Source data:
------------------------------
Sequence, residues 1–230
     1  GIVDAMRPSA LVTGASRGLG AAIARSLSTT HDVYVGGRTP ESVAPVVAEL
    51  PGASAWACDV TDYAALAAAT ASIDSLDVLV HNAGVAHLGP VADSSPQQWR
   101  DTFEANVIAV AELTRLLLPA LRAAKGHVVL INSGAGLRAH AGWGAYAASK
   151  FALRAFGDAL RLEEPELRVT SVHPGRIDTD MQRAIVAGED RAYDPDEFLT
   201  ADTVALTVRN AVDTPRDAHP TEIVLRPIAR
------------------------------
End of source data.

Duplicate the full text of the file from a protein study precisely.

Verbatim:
Sequence, residues 1–230
     1  GIVDAMRPSA LVTGASRGLG AAIARSLSTT HDVYVGGRTP ESVAPVVAEL
    51  PGASAWACDV TDYAALAAAT ASIDSLDVLV HNAGVAHLGP VADSSPQQWR
   101  DTFEANVIAV AELTRLLLPA LRAAKGHVVL INSGAGLRAH AGWGAYAASK
   151  FALRAFGDAL RLEEPELRVT SVHPGRIDTD MQRAIVAGED RAYDPDEFLT
   201  ADTVALTVRN AVDTPRDAHP TEIVLRPIAR